I can’t fathom a day in it. Not even a small amount of time in it. I feel so trapped with this cycle sometimes I weep out loud when no one is home. Even more sadly, I have two daughters that I am probably pulling into this cycle ever so slowly. This is not the life I want or ever dreamed for them, but I can’t even fix it for myself. I don’t know where to begin to fix it for them.

    1. Kelly, my heart goes out to you. I’ve been where you are. Know that there is hope. I don’t know any specifics about your situation, but I do know that in order to truly heal from this, we need God’s strength. There are the practical, physical/bio-chemical things to consider (after all, God created our physical beings, and He created food), and there are the emotional, habitual, and spiritual aspects of our eating…WHY we eat, HOW, we eat, and WHAT we choose to eat. It’s a journey and a process, and I pray you will grow closer to God through this struggle.

  10. I’m turning 60 in January. I’ve struggled with weight all my life.

    I have no respect for liars. People who lie are not allowed in my life. I never understand why people do it. And, finally, finally, after decades of making excuses about why I overeat or make bad choices I have come to realize that I continually lie to myself about why I eat too much.

    I love myself and want to have as much internal integrity as I have external integrity. I’ve stopped fooling myself. I am embracing honesty, especially with myself.

    And when I am truly honest, I know in my heart that I want to be healthy for as long as possible so I can embrace my heart’s desires. It’s made changing my eating habits easy. It’s an ultimate act of self love to come clean. At first it was challenging because I had to admit that I, too, was a liar.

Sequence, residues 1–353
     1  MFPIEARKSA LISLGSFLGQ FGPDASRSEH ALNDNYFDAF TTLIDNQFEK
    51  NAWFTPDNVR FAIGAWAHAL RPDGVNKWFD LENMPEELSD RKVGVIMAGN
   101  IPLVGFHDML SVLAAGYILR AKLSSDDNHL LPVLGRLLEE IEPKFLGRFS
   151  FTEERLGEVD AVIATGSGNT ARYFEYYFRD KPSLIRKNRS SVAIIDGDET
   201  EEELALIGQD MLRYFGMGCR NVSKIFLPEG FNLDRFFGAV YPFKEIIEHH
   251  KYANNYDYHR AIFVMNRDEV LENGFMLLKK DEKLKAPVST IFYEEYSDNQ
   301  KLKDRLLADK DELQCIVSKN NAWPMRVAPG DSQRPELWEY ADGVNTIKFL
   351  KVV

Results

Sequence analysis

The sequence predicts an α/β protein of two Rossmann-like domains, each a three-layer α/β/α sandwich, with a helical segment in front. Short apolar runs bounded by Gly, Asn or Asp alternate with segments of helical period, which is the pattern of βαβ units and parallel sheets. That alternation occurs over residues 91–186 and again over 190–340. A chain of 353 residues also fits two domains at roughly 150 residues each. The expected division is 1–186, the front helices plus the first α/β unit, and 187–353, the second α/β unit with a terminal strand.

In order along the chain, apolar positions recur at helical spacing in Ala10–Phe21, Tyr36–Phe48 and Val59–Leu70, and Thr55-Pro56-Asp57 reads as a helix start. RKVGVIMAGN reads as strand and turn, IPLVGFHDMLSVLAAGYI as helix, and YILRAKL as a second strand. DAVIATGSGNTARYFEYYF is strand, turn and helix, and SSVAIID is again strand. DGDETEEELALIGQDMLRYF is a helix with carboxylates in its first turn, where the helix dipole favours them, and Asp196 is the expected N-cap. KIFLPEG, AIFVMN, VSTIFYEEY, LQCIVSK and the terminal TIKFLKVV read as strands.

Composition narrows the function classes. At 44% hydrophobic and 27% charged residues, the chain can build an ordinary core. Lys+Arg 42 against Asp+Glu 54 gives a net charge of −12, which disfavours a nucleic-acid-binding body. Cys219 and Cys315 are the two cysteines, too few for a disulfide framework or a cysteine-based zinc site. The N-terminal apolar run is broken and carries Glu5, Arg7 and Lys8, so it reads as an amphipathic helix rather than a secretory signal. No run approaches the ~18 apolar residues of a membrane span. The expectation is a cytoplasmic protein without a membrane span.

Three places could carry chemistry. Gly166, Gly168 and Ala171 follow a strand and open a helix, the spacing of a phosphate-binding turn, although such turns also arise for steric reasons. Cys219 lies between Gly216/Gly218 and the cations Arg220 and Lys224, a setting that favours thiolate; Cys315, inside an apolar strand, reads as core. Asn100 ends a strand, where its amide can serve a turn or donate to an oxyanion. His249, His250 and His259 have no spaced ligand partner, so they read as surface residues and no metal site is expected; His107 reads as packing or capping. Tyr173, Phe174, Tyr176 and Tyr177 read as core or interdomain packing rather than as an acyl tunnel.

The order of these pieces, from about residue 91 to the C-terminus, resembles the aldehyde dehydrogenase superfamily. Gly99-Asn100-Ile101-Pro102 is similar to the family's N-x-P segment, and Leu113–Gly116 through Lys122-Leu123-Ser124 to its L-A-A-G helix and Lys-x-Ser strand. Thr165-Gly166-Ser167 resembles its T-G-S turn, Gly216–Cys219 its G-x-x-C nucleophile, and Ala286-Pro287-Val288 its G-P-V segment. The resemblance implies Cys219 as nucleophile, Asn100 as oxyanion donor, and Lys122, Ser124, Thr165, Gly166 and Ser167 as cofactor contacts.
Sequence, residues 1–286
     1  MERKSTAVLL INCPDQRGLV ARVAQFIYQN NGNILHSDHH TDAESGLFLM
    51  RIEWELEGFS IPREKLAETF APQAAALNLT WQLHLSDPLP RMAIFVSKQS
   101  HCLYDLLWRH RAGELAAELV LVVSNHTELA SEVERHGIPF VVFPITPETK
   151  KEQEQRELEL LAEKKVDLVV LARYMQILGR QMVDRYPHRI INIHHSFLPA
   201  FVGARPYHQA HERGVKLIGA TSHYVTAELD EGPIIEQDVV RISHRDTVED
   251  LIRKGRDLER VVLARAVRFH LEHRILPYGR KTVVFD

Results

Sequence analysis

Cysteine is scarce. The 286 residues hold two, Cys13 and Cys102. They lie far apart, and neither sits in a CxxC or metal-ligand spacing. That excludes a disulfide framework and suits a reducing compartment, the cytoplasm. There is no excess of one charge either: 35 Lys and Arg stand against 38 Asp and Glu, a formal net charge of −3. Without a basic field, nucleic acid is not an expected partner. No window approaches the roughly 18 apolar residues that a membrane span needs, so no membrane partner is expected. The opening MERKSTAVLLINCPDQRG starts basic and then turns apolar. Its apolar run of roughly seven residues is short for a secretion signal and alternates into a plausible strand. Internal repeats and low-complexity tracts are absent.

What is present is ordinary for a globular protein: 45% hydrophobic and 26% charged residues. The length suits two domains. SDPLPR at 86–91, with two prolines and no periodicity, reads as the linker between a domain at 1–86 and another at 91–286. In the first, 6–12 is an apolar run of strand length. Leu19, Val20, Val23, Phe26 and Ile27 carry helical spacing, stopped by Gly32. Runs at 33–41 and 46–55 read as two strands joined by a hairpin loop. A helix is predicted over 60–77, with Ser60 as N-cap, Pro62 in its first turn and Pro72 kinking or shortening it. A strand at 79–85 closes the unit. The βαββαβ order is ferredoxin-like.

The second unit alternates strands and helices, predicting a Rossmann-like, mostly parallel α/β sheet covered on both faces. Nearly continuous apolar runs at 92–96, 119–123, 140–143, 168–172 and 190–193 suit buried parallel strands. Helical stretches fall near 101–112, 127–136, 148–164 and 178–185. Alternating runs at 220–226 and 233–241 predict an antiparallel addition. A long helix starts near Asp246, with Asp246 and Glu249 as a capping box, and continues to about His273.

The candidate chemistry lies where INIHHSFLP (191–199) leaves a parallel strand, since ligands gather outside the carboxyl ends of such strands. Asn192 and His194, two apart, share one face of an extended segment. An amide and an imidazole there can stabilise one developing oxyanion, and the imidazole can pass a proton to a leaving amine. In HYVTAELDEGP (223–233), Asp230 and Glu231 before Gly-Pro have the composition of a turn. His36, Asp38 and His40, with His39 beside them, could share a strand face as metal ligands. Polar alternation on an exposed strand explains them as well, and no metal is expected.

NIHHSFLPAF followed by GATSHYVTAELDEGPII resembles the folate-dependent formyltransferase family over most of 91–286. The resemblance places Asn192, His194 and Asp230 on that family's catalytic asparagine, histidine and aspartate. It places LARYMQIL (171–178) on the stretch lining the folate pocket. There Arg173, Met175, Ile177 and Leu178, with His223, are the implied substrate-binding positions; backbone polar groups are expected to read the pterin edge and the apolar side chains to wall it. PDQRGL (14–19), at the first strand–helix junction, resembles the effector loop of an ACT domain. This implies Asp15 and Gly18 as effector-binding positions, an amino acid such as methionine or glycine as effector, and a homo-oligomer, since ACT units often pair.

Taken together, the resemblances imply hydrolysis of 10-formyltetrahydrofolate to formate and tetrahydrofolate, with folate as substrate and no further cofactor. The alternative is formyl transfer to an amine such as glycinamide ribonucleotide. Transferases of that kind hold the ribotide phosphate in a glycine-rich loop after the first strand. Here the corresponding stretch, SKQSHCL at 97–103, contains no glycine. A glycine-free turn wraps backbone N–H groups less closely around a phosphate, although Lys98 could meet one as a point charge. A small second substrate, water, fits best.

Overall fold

Now, when I have a Cosmopolitan with my lunch, I do it very, very consciously. When I eat gelato, I am HAPPY to order a small because I am honoring myself and MY choice to get healthy. Most days, I don’t even want any of the ‘forbidden’ foods and willingly choose my green smoothie, that wonderfully complex salad with ‘expensive’ veggies because I love them and exercise.

    The pounds are slipping away. I LOVE that I can exercise and really use my body. I’m making myself stronger, in every way, especially including the self love aspect.

    Thank you, Geneen, for all the books and work you have done to share your heart with us. God bless.

  11. Goodness….where to begin. Like so many I have been a yo yo dieter all my life. Lost 90 pounds this time and swore I would never put it back on again. The past 8 months have been a roller coaster for me…we retired, we moved, left family and friends and came to an new area. We moved in December and I was down the 90 pounds, here we are in September and I gained back 75….I am so tired of the yo yo…I finally understand now that it has to do with emotional eating but my problem that I am so disconnected from my feelings I don’t even know what the emotion is that I need to deal with. So when i go to eat the wrong foods and stop and ask myself why are you doing this what are you feeling….I don’t have any answers except because I want it and I am craving it. I am so disconnected from what I am feeling. Now not only am i dealing with not knowing what emotions I am dealing with I am so upset about the weight gain…I feel so desperate…..

  12. Wow this is so interesting. Thank you so much! It is a few year I Planned to go to your 5 days retreat. I told my boss that next year I need days off to go I am from Montréal. I have all your books and some of your audio CD. Participate in all conference calls or listen to them after. My Relationship with my mom was one of rejection because of my weight even if my mom never had that problem. Plus at school I went through rejection as well being different than what was the norm then. This is very interesting. I went to a therapy with a nutrionist psychologue who made me go through something similar with food in general (potatoes, bread, pasta) and it worked I do no longer go crazy when I have or see them. I did not do yet the exercise with sweet. I took a lot of weight when I did that but after I was able to go back to my weight and never go crazy with bread pasta or potatoes. I have worked a lot on my Relationship with food. Been to OA meetings as well. It has improved a lot but I want to go to your retreat. You are great this article says a lot and thank you because so many suffers from this disease and are rejected. Thank you thank you thank you. Great article. Martine Lemieux

  13. I LOVE THIS – and everything else Geneen Roth. After gobbling up Women, Food, and God, When Food Is Love, Breaking Free, and doing the Why Weight workbook, I was knew that there were only a limited number of books left written by Geneen. Then… I found her blog!

    Thank you so much Geneen for maintaining a blog. It gives us the opportunity to find fresh, new inspiration to keep honoring ourselves and break the diet mentality. You are amazing!!!!!!